Hi Gabriel, I think it’s safe to say that most people don’t leap out of bed in the morning, all excited at the prospect of making cold calls! I’m in a unique position because I live in a small town and I have a decent market share here but I will tell you that starting out I absolutely hated cold-calling. One of the things that I did to help the process was to send an email fist, then follow up with a call. While I believe making in-person connections is the best way to go, I still think that email marketing is a good way to connect with prospective clients. For someone like yourself, who’s wary of picking up the phone, sending out an email ahead of time might make the call easier as it goes from a total cold call to a moderately warm call, if that makes sense?

If you want to reach out via email, here are a few tips to get you on track:

1. Subject lines​ - Keep them short and friendly rather than “sales-y”. Nobody likes getting an overly aggressive push in a subject line!

2. Think about the time of day you’re sending your email ​- Like many other jobs in a corporate setting, I’d guess that real estate agents aren’t likely to open their emails on a Monday morning or a Friday afternoon. I find that the middle of the week is a good time to call—either late-morning or early afternoon.    

3. Show off your work​ - Rather than make your email all text (just like every other email they’re likely to open that day), you might want to consider inserting a reduced-sized photo that represents your best work of one of the “hero shot” rooms in a listing (i.e., kitchen, master ensuite, family room, etc).

4. Less is more -​ No one, and I mean no one, seems to have the time these days, to read a long email. So the longer your email is, the less likely you are to get a reply. If you can come up with a general cold-call email template and you’re not a confident writer, then there are lots of very cost-effective services out there where someone with a writing background can review your template and tighten it up for you.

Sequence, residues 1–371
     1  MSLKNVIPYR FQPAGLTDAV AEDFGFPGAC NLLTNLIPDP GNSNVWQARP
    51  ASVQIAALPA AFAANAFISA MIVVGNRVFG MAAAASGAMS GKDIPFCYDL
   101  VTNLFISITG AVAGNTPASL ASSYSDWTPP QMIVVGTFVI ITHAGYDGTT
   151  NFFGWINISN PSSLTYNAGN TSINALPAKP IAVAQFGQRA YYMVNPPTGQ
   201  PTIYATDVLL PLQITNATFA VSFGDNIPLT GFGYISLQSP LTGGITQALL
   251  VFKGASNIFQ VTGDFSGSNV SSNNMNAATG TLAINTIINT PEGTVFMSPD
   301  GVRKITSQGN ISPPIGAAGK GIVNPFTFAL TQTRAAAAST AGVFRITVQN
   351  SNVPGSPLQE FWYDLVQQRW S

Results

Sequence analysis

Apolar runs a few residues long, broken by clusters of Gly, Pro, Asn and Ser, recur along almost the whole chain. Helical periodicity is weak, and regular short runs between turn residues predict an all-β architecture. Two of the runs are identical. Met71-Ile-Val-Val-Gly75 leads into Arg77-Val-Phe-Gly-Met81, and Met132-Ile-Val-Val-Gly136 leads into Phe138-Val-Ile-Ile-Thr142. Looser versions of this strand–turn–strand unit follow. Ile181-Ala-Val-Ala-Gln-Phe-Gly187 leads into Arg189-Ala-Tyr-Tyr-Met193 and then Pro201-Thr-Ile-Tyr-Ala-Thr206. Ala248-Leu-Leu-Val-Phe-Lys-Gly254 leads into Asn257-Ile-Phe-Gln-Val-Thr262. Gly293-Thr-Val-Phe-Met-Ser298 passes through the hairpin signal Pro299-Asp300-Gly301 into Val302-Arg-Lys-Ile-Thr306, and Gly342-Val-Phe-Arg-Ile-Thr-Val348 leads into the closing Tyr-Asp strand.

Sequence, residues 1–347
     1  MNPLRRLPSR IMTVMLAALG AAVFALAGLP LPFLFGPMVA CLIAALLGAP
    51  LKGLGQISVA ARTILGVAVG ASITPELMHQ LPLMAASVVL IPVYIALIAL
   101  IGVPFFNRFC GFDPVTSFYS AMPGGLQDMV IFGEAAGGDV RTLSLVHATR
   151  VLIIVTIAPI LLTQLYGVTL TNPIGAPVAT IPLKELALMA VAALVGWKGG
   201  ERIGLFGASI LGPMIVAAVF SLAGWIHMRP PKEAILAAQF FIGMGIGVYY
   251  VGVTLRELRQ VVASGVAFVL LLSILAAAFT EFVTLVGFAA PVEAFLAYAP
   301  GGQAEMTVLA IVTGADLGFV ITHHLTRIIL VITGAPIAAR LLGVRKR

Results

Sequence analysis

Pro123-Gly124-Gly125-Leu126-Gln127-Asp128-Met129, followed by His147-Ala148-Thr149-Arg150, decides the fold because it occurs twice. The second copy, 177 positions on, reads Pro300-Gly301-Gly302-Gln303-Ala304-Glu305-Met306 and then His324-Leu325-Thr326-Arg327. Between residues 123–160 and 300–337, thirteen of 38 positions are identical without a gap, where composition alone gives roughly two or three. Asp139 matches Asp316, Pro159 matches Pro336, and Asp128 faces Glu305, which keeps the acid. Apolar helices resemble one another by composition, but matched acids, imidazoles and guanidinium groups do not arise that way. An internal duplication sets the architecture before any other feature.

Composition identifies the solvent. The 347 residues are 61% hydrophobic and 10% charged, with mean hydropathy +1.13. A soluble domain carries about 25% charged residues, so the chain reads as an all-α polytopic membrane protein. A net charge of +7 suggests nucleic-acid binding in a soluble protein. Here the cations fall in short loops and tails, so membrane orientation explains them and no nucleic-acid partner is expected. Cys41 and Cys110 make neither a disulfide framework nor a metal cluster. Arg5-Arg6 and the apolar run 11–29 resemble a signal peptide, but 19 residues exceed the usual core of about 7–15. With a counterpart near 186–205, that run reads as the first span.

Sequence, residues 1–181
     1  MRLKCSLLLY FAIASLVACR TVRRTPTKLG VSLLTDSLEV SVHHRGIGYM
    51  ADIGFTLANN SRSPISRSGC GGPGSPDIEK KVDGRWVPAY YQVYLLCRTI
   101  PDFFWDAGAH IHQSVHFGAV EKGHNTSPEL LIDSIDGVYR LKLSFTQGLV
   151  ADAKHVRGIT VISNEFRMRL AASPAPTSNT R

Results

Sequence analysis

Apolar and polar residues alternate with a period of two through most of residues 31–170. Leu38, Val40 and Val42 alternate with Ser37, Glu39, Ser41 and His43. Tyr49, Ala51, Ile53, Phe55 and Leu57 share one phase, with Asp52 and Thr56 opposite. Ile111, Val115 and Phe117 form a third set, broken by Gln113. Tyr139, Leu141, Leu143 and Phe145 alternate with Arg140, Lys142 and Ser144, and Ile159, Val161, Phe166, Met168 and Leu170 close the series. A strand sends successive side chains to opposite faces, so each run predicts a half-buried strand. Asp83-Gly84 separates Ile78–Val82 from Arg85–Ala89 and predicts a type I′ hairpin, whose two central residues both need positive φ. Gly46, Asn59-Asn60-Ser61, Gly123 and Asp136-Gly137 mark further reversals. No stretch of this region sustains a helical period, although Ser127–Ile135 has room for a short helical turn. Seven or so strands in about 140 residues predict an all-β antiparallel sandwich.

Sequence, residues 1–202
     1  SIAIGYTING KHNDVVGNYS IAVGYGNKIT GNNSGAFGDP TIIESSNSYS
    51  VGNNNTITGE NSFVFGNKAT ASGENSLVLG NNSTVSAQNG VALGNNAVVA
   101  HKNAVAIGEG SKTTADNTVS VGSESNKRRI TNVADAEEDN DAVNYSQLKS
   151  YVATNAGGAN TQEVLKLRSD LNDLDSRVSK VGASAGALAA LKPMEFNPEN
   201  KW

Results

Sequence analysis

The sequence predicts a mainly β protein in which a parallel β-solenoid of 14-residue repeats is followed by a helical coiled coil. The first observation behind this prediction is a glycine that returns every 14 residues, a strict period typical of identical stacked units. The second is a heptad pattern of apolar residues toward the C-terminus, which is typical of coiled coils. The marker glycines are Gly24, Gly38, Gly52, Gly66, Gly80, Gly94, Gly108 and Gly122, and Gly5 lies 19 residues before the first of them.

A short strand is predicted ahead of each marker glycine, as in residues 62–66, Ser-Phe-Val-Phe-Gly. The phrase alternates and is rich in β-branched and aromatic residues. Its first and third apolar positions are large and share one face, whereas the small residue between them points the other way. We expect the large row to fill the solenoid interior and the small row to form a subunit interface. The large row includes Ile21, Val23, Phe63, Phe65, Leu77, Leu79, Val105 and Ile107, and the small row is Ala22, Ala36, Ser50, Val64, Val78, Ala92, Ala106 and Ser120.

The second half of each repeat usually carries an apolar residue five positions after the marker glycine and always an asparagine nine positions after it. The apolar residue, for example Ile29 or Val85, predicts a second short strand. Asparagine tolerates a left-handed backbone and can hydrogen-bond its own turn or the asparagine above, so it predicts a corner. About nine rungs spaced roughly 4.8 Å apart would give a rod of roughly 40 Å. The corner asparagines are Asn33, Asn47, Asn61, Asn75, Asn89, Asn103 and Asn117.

5. Define a specific follow up time - I remember speaking to a friend of mine who’s a career counsellor, and she said that a best practice when writing a cover letter is to let the person know when you’ll be following up. She suggested a morning time follow-up five business days after the letter was sent. This may be a decent practice for email follow-up too.

6. Signature -​ Finally—and this is a no-brainer—be sure to include your phone number and a link to your website in the signature of your email. If they’ve been thinking of using a photographer for the first time, then you don’t want that person searching for your website. Even if that agent already uses a photographer, you have no idea as to the status of that relationship. If they’re thinking of making a switch, then your site’s URL ought to be there in your signature block.

Gabriel, I’ll close out this response by highlighting the awful truth of cold-calling—whether it be via phone or email. At the end of the day, you’re looking at a conversion rate of only about 2%. That is, 2 out of every 100 people you reach out to will give you a photoshoot. I don’t say this to discourage you but to offer it as a simple truth that has to be taken into consideration if you ever reach the point where you get frustrated or even worse, taking that rejection personally.

If the person you’re trying to contact doesn’t respond to your email and follow-up phone call, I’d suggest that you wait one more week and phone them again. If you still don’t hear back from them, the odds are they’re not interested right now. At this point, it might be wise to move on and consider following up much later down the road.

Those are my two cents. What advice does the community have to offer Gabriel about his aversion to cold-calling?

VIEW COMMENTS
magnifiercrossmenucross-circle